Tech companies must surrender their crypto-keys, says EU adviser

News by Tim Ring

EU counter-terrorism measures propose enforced hand-over of encryption keys - a proposal described as unenforceable and ineffective policy decided by people who don't understand the technology.

Internet and telecoms companies should be forced to hand over their data encryption keys to security agencies, according to the European Union's counter-terrorism co-ordinator.

Gilles de Kerchove's controversial call comes in a briefing note that “sets out priorities which should be taken forward urgently” by EU Justice and Home Affairs Ministers.

The 14-page document, which has been leaked to London-based civil right group Statewatch, complains that “the encryption internet and telecoms companies have started to use increasingly makes lawful interception by the relevant national authorities technically difficult or even impossible”.

In response, de Kerchove urges: “The European Commission should be invited to explore rules obliging internet and telecoms companies operating in the EU to provide - under certain conditions as set out in the relevant national laws and in full compliance with fundamental rights - access of the relevant national authorities to communications (ie, share encryption keys).”

If his policy is accepted, it would go forward to the EU heads of government, including David Cameron, who are meeting on 12 February.

The advice echoes Cameron's current campaign to ‘roll back' the encryption that firms such as Google, Facebook, Apple and Microsoft have introduced to protect customer privacy in the wake of the Snowden revelations - which has also gained some support from US President Obama.

The briefing document refers directly to the recent Paris terrorist murders and says: “The EU has to respond with meaningful action. Failure to do so could result in disillusionment of citizens with the EU.”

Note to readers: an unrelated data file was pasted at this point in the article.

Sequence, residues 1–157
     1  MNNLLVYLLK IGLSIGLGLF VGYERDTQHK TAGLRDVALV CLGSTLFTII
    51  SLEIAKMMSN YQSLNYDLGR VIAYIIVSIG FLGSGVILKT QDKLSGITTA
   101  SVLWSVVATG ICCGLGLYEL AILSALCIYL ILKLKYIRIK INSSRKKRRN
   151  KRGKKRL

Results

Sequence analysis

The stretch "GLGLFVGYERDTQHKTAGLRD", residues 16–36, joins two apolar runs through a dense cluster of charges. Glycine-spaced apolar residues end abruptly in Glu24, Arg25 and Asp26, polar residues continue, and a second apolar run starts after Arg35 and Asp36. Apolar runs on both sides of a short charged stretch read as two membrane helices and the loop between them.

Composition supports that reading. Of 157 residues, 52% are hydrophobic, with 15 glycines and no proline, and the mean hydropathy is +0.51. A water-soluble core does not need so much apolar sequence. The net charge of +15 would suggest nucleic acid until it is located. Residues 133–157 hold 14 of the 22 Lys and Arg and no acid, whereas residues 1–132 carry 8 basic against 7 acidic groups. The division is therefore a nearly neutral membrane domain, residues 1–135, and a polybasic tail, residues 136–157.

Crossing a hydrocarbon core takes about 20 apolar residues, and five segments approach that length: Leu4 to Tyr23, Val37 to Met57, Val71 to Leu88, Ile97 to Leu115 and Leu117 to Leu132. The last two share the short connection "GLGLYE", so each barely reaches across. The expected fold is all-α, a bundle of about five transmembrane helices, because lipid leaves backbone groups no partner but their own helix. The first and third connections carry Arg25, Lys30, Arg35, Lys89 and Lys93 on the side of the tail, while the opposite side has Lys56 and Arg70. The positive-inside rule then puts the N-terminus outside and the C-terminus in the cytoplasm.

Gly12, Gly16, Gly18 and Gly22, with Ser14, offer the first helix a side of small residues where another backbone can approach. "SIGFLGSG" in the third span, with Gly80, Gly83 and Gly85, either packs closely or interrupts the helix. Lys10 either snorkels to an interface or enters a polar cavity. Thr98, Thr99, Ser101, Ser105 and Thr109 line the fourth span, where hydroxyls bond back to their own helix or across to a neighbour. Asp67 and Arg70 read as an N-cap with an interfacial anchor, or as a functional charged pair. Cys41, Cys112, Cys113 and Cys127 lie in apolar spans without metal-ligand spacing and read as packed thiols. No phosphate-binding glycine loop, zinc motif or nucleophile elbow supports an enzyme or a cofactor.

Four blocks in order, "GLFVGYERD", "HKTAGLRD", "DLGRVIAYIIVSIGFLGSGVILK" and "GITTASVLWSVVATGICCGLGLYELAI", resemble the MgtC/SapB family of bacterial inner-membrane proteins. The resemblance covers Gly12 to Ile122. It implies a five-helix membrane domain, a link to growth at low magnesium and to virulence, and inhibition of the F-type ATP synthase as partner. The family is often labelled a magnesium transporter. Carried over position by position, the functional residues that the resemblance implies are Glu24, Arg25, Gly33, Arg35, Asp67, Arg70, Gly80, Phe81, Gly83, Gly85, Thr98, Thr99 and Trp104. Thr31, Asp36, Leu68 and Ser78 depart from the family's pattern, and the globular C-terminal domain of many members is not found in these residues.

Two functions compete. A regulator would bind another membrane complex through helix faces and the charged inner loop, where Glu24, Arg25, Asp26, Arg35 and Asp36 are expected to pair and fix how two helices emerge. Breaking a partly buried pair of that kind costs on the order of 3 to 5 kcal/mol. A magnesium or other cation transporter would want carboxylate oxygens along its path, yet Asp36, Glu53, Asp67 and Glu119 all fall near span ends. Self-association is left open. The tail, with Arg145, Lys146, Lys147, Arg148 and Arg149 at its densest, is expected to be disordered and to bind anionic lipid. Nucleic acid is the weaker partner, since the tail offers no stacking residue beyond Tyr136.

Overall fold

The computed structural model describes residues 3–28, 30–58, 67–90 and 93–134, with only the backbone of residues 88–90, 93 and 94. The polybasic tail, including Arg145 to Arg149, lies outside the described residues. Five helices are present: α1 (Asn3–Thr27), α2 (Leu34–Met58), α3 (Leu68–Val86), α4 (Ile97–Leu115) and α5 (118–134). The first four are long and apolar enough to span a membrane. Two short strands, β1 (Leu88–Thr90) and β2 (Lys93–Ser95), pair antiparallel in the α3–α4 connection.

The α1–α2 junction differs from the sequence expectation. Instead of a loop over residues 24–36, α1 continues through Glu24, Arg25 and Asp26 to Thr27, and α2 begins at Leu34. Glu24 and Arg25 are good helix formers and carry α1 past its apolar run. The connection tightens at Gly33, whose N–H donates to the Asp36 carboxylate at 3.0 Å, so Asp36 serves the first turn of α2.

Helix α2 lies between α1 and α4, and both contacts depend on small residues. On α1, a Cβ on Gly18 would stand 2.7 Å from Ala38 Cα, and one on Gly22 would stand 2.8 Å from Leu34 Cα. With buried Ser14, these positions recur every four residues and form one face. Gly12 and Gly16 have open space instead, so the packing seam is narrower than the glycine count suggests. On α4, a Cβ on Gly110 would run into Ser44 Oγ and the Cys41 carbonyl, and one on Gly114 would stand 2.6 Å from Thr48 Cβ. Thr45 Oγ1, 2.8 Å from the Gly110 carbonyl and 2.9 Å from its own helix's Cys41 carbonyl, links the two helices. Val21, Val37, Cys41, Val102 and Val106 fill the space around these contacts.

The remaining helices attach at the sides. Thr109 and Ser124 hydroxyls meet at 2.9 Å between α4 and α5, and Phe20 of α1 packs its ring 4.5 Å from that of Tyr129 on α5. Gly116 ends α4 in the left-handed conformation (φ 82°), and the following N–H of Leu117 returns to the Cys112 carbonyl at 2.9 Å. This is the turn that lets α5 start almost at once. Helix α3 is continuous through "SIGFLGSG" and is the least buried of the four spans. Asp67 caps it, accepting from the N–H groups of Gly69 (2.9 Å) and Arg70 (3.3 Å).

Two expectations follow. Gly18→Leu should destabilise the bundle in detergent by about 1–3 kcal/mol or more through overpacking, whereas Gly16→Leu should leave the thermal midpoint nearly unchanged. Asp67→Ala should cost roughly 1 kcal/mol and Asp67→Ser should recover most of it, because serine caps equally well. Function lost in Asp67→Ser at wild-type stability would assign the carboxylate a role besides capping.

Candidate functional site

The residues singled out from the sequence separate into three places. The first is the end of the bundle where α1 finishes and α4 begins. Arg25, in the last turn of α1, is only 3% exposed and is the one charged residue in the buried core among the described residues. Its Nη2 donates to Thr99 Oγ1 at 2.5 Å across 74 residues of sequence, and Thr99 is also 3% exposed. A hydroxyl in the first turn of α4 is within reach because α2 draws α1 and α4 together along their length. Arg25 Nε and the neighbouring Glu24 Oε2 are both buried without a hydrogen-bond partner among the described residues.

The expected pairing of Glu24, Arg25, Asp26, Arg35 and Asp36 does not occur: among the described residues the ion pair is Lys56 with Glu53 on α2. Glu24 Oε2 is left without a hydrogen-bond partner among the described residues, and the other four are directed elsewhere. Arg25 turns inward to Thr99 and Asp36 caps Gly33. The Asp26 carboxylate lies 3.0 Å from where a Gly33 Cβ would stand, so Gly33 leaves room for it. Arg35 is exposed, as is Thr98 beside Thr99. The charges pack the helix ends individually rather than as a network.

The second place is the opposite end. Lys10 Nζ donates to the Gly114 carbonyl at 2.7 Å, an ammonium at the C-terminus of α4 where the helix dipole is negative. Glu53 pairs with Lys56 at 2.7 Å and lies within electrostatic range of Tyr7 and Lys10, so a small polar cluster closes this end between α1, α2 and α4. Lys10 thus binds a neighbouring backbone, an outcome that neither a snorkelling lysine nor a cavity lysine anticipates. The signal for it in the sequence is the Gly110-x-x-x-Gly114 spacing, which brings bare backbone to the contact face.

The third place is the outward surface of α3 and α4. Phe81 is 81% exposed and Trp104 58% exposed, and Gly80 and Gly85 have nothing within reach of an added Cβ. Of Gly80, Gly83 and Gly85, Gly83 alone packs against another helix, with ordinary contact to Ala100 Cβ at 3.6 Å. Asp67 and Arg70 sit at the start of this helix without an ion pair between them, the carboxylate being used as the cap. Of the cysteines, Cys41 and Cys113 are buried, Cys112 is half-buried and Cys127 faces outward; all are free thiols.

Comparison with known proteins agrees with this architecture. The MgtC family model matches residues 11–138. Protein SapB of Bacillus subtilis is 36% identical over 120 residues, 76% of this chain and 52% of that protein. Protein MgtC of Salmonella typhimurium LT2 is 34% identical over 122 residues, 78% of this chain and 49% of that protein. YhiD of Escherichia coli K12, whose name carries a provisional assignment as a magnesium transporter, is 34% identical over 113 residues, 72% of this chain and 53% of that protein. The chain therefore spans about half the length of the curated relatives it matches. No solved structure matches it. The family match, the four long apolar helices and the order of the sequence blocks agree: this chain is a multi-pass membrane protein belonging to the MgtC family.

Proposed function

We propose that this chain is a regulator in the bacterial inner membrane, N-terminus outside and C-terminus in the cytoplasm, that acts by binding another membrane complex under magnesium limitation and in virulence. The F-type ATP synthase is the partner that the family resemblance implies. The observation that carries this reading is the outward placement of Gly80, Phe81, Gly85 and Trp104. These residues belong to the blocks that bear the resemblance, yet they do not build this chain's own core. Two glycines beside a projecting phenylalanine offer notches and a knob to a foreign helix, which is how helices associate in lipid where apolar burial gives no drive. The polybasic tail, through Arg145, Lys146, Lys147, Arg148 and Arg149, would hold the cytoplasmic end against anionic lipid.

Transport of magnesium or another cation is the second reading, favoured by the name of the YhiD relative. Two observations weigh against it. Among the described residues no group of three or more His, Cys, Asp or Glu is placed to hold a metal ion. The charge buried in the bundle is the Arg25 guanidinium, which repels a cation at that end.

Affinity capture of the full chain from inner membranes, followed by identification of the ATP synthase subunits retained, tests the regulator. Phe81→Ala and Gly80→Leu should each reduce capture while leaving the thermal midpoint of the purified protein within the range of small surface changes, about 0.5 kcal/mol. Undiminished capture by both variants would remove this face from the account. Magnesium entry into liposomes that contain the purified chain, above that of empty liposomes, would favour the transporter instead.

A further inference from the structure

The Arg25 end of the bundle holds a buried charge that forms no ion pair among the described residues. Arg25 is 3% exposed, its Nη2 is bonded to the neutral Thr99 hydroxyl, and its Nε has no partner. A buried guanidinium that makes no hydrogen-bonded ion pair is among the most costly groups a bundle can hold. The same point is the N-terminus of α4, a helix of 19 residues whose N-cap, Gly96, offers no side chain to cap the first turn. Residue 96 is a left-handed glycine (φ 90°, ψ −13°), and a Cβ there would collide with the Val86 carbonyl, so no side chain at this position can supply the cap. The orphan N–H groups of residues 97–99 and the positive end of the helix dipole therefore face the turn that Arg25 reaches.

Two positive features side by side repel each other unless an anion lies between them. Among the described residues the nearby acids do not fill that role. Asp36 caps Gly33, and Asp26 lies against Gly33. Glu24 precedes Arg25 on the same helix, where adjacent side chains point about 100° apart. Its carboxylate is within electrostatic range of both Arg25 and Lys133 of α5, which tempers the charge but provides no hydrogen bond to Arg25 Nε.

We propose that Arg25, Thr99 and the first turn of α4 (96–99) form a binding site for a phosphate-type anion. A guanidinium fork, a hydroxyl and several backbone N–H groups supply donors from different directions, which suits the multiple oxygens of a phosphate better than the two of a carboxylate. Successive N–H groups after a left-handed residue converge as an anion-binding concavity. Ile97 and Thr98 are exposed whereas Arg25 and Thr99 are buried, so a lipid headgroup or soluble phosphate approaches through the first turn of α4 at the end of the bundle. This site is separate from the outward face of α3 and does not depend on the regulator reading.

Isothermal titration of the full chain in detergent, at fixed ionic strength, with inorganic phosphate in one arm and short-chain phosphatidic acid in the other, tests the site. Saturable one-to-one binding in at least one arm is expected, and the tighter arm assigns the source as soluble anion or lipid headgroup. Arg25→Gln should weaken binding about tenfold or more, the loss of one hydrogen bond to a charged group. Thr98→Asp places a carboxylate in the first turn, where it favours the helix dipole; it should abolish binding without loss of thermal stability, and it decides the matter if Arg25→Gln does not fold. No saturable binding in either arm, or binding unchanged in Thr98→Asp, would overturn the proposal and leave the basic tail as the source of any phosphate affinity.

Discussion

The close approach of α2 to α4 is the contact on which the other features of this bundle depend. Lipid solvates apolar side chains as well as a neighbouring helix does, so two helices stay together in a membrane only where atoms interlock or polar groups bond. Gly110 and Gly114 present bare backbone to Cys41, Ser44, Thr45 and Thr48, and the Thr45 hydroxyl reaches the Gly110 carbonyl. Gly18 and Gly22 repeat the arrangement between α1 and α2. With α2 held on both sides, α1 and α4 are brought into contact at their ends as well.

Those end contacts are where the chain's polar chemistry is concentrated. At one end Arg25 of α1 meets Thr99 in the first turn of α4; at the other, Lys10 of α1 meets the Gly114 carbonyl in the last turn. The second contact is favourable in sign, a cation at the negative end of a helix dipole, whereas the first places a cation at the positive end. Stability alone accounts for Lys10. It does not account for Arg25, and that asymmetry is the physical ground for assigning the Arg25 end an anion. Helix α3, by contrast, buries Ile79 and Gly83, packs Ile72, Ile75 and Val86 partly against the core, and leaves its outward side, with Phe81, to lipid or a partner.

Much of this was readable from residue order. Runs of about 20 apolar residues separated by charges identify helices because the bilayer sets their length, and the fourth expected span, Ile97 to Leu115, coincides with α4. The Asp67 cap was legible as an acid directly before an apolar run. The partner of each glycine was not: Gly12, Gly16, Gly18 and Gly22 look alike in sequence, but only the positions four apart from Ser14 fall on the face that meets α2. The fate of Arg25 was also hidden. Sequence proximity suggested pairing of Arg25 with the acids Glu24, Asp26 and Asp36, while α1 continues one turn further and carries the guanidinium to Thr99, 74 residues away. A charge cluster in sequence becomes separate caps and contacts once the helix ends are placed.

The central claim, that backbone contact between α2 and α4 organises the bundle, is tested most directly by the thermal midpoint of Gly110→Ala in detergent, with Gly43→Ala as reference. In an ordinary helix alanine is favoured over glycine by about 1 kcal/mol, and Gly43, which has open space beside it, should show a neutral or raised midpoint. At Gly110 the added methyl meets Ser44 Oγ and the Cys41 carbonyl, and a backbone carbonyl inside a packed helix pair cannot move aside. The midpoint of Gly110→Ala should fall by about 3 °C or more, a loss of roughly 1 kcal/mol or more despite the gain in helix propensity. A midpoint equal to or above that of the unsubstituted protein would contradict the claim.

It suggests:

* The European Commission could present “as soon as possible” a new legislative proposal for data retention.

* The Commission should deepen its engagement with internet companies. “A dialogue with the internet companies is necessary at both EU and at international level.”

* The Commission should look at ways to speed up the process of getting cross-border information about owners of IP addresses.

* Other European countries could match the UK's Counter-Terrorism Internet Referral Unit (CTIRU), which flags terrorist and extremist content to social media platforms, and has had 72,000 pieces of content removed since February 2010.

* The EU could create a team of cyber-terrorism prosecutors within a European cyber-crime judicial network.

But European cyber-expert Brian Honan, head of BH Consulting, said the proposal to force tech firms to hand over their encryption keys would simply not work.

“Apart from the fact that it undermines the security and privacy of those who depend on encryption, it's not a workable solution in technical terms,” he told

“If you're using end-to-end encryption like PGP or similar to secure your email, you own the keys yourself. Your ISP doesn't have the keys, the telecoms companies don't have the keys, so it's not going to enable law enforcement agencies to monitor encrypted traffic of criminal or terrorist suspects, because they will be using those technologies.”

Honan added: “My concern is that we would have politicians and others who don't understand technology and the implications of the technology, bringing in laws or regulations that would be unenforceable and ineffective against the targets that they're after.

“If you make certain encryption tools illegal, it's not going to stop criminals or terrorists from using them. If you introduce backdoors or weaken encryption in certain tools or products, it's just going to the legitimate tools or products that normal people use - and again the criminals or terrorists will use alternatives that can't be regulated.”

Honan said: “Maybe part of the problem is that somebody needs to be seen to be doing something.

“If regulations or legislation is introduced to support that policy, then it's succeeded. If no rules are brought in and an atrocity happens, people can raise up their hands and say ‘you know they used encrypted communications, that's why this happened'.

“For those pushing that policy, either way potentially it could be a win win.”

UK cyber-expert Professor John Walker, director of cyber-forensics at Cytelligence Ltd, said he had sympathy with de Kerchove's idea - but he too doubted it would catch real terrorists.

Walker told SC via email: “I applaud any action which works toward diminishing the obvious threat we now all face with the underpin of the internet and global communications channels to accommodate the passing of radicalised, and terror-related information.

“I would have no issue whatsoever in any government department or international agency having access to my data, so long as such access is regulated, and proportionate to the invasion.

“The only flag I would raise is, this will not counter the communication capabilities of the covert channels of the dark web, and will not catch those serious individuals who have the knowledge to circumvent such monitoring capabilities.”


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